This is the first of a series of semi-regular posts in the coming weeks to acquaint you with the people, events and happenings at BCMFest 2017 (January 13 and 14). For more information, and to purchase tickets, see the BCMFest website.
BCMFest 2017 represents a homecoming of sorts for Heather Cole-Mullen. For one thing, she performed at the very first festival back in 2004 as part of a showcase of young musicians; for another, after several years living and working in places like Chicago, Louisiana and Ireland, she’s returned (more or less) to the Greater Boston area where she grew up.
So, with BCMFest 2017 celebrating the ongoing renewal in music and community that takes place in Boston’s Celtic music scene, it’s quite fitting that Heather will perform at the BCMFest Roots & Branches Concert, which opens the festival at 7 p.m. in Club Passim. The concert also will feature Yann Falquet and the Jordan Tirell-Wysocki Trio.
Even back in her early teens, Heather was a highly regarded Irish fiddle player, and since then she’s become equally adept at accordion and, more recently, has found her singing voice — and she’ll be displaying all these skills at Roots & Branches. It also bears mentioning that Heather is quite the scholar on styles and facets of Irish music, and runs her own podcast, “From the Shamrock Shore.”
We recently caught up with Heather to talk about her growth and development as a musician.
Q: You were involved in a number of folk music and dance activities as a kid – how and when did this result in your interest in playing Irish music?
Heather: I grew up doing contra dancing and playing New England contra dance music. As a young kid, my favorite music tapes were recordings of De Danann and Seamus Connolly, although I didn’t know it was Irish music at the time. My family found Irish music through Seamus Connolly’s Gaelic Roots music camp which was advertised in the Boston Globe. Once I went to my first session I was hooked and started going to more sessions and classes to learn more.
Q: What were some of the important experiences you had while living in the Boston area that shaped your development as an Irish musician? And who were your mentors during that time?
Heather: One of the most important things in my life was attending Pinewoods music and dance camp. It made me love music and want to be a fiddle player from a very young age when I used to fall asleep listening to the music. Once I started playing Irish music, I met George Keith, who became my teacher and mentor, encouraging me to attend sessions and introducing me to a lot of the intricacies of the Irish tradition and history. I was also very fortunate to be learning when Tommy Peoples and John and Sean Gannon were active in the Boston scene. Both of them were huge influences on my music and the way I approach Irish music.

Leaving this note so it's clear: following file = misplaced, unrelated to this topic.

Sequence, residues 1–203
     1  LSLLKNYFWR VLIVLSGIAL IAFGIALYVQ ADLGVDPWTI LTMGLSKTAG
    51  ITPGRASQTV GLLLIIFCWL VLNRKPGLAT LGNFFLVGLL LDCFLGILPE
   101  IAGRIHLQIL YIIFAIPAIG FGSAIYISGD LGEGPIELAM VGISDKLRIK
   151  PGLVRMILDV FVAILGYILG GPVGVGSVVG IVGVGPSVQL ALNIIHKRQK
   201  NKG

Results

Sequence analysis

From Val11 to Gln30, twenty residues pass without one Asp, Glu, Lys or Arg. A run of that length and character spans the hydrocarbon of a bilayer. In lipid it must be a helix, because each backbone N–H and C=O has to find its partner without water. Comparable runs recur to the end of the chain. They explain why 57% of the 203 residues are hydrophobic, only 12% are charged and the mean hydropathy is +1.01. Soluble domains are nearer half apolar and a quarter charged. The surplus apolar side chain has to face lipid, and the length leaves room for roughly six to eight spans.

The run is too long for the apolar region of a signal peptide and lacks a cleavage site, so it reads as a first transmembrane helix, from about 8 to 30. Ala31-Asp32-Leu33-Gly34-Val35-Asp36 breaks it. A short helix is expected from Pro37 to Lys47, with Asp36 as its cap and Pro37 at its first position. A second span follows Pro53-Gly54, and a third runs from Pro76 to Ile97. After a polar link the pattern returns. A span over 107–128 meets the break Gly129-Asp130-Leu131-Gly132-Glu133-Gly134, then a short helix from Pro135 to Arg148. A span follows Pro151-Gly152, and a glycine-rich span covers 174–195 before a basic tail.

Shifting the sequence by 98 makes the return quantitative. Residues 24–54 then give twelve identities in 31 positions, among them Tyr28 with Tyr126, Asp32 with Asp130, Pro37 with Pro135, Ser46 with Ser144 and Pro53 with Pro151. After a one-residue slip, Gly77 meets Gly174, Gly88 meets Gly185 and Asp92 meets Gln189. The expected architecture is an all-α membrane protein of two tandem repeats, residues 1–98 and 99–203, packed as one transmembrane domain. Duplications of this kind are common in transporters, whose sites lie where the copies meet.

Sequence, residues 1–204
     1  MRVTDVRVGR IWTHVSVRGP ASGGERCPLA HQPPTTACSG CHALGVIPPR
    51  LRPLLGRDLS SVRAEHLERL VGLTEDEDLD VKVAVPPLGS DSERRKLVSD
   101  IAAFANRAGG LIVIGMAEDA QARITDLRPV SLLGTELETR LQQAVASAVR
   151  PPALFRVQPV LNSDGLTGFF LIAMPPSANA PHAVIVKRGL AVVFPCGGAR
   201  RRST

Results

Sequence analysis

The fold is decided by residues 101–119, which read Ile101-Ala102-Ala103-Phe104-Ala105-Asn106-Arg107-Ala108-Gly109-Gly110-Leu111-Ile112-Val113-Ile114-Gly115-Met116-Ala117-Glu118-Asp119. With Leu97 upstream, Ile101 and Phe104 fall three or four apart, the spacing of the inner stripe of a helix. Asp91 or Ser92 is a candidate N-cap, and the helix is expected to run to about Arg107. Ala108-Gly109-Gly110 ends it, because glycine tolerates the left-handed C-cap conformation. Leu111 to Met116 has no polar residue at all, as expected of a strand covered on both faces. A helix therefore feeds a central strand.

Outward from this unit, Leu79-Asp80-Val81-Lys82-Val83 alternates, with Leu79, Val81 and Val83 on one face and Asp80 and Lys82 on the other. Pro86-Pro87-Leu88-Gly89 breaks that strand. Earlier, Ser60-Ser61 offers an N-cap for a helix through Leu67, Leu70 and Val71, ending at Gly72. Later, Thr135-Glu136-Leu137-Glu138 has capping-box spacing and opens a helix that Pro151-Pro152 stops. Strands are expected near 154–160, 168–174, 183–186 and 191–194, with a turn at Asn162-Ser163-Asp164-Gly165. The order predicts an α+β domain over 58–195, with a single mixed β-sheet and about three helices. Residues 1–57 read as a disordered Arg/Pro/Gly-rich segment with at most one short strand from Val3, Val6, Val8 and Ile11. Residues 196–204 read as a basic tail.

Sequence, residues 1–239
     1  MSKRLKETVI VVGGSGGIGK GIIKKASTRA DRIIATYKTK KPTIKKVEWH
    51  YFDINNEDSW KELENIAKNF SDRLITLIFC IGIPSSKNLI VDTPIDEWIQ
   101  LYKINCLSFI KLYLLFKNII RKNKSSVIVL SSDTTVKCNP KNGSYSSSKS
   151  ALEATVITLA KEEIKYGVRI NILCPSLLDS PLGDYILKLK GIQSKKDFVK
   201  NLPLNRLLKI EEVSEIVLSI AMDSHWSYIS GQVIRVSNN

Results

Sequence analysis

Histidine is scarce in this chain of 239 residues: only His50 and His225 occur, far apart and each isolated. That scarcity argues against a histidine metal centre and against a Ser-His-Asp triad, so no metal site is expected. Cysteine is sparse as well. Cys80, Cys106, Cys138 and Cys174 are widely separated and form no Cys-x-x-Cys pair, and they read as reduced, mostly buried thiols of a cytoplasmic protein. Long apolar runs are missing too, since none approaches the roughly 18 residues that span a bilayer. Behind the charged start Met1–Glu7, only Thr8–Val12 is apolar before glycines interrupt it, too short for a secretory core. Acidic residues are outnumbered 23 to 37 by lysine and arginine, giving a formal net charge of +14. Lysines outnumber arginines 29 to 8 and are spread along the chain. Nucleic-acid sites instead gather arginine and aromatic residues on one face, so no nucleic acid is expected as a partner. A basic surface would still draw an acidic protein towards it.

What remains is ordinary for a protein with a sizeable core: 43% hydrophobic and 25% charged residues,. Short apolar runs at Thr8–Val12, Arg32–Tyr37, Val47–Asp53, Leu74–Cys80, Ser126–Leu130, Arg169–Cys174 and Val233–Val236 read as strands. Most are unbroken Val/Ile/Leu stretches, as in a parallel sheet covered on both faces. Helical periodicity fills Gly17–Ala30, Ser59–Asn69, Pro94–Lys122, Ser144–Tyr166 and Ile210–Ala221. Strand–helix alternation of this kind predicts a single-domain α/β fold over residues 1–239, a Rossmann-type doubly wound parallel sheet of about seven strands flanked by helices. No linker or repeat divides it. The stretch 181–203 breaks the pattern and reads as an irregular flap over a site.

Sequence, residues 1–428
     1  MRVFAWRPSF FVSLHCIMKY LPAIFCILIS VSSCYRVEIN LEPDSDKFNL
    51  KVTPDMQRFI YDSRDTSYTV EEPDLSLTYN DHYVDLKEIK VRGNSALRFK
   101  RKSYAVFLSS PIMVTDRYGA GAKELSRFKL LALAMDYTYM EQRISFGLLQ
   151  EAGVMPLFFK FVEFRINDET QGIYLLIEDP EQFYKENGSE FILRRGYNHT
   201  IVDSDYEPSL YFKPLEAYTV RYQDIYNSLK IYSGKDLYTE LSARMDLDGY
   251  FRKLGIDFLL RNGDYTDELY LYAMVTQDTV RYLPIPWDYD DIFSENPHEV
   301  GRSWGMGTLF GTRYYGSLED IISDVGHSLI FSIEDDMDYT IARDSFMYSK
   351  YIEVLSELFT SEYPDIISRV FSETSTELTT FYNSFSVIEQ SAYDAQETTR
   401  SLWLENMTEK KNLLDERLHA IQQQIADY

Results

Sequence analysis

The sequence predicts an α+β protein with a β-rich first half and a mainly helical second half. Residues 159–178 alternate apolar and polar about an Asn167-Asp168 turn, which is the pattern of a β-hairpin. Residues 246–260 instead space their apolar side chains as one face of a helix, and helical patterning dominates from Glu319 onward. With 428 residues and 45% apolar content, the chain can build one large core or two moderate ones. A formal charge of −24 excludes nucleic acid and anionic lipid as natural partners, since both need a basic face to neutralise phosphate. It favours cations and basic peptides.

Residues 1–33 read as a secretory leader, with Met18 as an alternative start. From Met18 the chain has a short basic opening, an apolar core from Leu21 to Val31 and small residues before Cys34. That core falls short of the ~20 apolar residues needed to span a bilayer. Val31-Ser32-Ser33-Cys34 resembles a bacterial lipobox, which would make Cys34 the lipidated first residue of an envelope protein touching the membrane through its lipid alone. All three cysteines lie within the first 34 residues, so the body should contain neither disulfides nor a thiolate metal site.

Q: You’ve now established yourself as a performer in three distinct areas, i.e., fiddle, accordion and singing. Who are some of the musicians and singers (contemporary or past) you’ve been influenced and/or inspired by?
Heather: Over the past five or six years, I’ve been particularly inspired by a number of musicians from the border of County Mayo and County Sligo. I first met a group of them in Chicago: the great flute player Kevin Henry, Albert Neary, Frank Burke, and Malachy Towey. After moving to that region, I was very fortunate to get to know a few wonderful traditional players from that area, including Jimmy Murphy (fiddle), Michael Loftus (flute), and Gregory Daly (flute). Jimmy Murphy especially was a huge influence to me. He carries on the tradition of Fred Finn and plays with a great energy and honesty.
I’ve loved traditional singing for a long time, although I didn’t really start singing myself until a few years ago. Dolores Keane was the first singer I fell in love with. She was the singer on the De Danann recording I had as a child. Because I grew up in the contra dance scene, I was also exposed to the traditions of English singing and shanty singing, as well as shape-note singing. I really like singing that is full bodied and powerful, so when I heard Rosie Stewart from Fermanagh, I was immediately drawn to her style and the depth of her repertoire. After meeting Rosie and attending classes with her, I met more great singers such as Rita Gallagher, Roisín White, and too many more to mention. The singing scene in Ireland is really wonderful, and I was fortunate to travel to a number of singing festivals and learn a bunch of new songs during my time there.
Q: You’ve spent time in Chicago as well as Ireland, so you’ve had the opportunity to experience different Irish music communities. What do you think distinguishes Boston’s Irish music scene?
Heather: Boston has a strong, close-knit scene. There are a lot of very nice people playing at a very high level. Sessions get packed! I like the variety of repertoire that results from a large number of players with diverse backgrounds. Because of its history and reputation, Boston also regularly hosts visiting musicians from all over the U.S. and Ireland, which means that there is frequently something happening within the music world. We’re also lucky to have a number of venues that are extremely supportive of music and visiting musicians, such as The Burren and The Druid for sessions, and Club Passim for concerts.